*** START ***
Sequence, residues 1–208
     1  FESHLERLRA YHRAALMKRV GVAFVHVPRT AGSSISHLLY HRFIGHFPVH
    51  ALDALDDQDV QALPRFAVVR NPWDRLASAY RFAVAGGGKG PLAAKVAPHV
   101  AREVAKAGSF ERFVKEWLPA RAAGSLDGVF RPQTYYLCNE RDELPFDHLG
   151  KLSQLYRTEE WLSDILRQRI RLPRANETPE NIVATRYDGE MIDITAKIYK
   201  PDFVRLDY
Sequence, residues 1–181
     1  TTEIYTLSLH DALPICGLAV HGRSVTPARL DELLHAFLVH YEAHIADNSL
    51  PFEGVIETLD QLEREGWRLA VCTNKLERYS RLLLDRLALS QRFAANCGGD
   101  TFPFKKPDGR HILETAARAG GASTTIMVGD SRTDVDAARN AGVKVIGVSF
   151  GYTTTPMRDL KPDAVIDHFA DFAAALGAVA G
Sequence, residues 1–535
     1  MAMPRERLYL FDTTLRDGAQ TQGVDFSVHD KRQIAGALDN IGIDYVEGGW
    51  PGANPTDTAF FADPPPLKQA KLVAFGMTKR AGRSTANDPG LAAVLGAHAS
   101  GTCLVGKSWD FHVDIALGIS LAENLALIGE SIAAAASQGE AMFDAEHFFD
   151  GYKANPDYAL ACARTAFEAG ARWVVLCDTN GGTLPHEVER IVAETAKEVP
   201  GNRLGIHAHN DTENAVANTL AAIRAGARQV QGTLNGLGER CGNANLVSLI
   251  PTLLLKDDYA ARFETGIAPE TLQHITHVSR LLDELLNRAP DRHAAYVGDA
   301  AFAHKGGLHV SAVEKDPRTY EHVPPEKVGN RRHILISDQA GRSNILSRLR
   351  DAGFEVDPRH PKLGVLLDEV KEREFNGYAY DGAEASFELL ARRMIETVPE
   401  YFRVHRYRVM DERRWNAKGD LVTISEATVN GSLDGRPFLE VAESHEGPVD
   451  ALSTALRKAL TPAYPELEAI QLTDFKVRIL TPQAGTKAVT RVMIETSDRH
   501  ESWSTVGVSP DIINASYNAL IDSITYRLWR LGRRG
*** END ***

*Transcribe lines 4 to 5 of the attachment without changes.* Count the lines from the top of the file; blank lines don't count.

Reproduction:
   101  AREVAKAGSF ERFVKEWLPA RAAGSLDGVF RPQTYYLCNE RDELPFDHLG
   151  KLSQLYRTEE WLSDILRQRI RLPRANETPE NIVATRYDGE MIDITAKIYK